And I was in trouble again.
“Don’t shout!” shouted Anita, my Taiwanese wife.
“He was going to crash into us!”
“No he didn’t.”
“No, I know he didn’t, but he nearly did.”
“But he didn’t.”
I couldn’t argue with that, which is almost always how these things end – probably because I’m usually wrong.
Or just too stupid to win.
Anita had been learning to drive for eight weeks, and this was only her second foray onto the roads since passing. Actually, it was only her third foray onto the roads ever, given that her instruction took place in some kind of deserted parking lot. The final test itself was on the road, but given that:
(a) the instructor told her she was going to pass before she started
(b) everyone else there she talked to passed
(c) on making an ill-considered turn in the test, the examiner asked her if she wanted to go back and try again, then seemed to ignore the fact that she had initially fudged it,
I didn’t have too much faith in her ability to avoid getting us both maimed.
We decided to take it easy, and slowed down so we could cruise behind the bus for a while, perhaps even doing a public service picking up any overflow. It reminded me of the first time we’d gone out on the road and found ourselves behind a rubbish truck for twenty minutes (I’m referring to a trash-collecting vehicle, rather than a cheap, or badly made one).
“This is nice,” I smiled, trying to calm things down, “do you remember when we were stuck behind the trash truck.”
“Yes,” she said tensely, eyes fixed straight ahead.
“It’s okay,” I laid a hand on her shoulder, “you’re right – we should just relax and stay behind the bus, take it easy.”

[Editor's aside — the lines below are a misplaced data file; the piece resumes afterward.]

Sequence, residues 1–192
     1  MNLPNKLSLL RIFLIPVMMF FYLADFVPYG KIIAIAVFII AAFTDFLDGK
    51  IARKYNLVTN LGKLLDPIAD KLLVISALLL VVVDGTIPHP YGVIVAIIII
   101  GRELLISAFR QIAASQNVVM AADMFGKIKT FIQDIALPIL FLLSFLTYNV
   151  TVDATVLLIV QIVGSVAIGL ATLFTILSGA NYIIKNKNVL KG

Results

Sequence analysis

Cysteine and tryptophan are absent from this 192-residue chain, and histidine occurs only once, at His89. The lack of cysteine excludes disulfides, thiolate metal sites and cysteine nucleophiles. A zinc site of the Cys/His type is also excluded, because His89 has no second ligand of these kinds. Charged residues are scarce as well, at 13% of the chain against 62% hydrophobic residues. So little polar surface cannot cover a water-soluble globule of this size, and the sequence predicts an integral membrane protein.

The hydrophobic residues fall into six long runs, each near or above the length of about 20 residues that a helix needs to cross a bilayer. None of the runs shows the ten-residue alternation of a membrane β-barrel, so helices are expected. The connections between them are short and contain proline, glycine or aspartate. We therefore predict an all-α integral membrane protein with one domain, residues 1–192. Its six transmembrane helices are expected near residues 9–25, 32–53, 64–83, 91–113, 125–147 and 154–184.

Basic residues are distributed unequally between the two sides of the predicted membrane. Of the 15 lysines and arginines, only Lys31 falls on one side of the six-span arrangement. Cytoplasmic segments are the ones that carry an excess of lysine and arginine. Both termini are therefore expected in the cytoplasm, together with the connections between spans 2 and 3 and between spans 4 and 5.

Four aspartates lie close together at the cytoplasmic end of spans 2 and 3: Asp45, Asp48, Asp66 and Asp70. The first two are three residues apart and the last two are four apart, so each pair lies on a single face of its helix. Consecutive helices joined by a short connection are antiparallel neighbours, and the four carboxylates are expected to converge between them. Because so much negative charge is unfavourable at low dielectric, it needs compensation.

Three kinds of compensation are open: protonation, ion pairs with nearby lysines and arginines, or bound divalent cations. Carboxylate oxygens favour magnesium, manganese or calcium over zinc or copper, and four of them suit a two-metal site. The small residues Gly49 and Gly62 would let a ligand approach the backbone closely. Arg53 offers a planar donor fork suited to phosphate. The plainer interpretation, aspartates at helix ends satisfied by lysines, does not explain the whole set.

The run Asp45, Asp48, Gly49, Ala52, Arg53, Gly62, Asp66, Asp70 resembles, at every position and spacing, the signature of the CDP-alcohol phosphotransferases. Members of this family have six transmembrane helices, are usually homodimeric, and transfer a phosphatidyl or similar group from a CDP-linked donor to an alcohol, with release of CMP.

“I’ve been trying to pull out for ten minutes,” she answered through clenched teeth.
Our first encounter with the highway was perhaps the experience that sticks mostly in my trousers, pardon me, I mean my mind. Being Anita’s first ever experience with full-on road driving in Taipei we had made the sensible decision… and decided to drive to Wulai. Now it’s not that far, but it does require a little highway driving. We had, as a precaution filled the car with Anita’s mother – for moral support – and a friend of the family, who was apparently quite a good driver, and kept staring at me. As we approached the on-ramp, everyone tensed, and the mother-in-law gave a rather extravagant belch, which I took to be, perhaps, either a warning or a gesture of good luck. Things went well, and almost magically a space opened up and we sort of staggered into it, in spurts and starts.
“Well done!” I applauded, at which she started to slow down, “what are you doing?”
“Change lanes,” she announced with a degree of concentration.
“You’re slowing down to change lanes?” I asked, my hands scrabbling lucklessly behind me for any sign of a seatbelt.
“Yes,” and her tone brooked no suggestion of impropriety.
Mother-in-law belched again, which this time, I think was definitely fear-related.
“Slowing down to change lanes?” I wasn’t going to let this lie.
“Yes – dangerous,” she replied.
“It certainly is dangerous if you slow down.”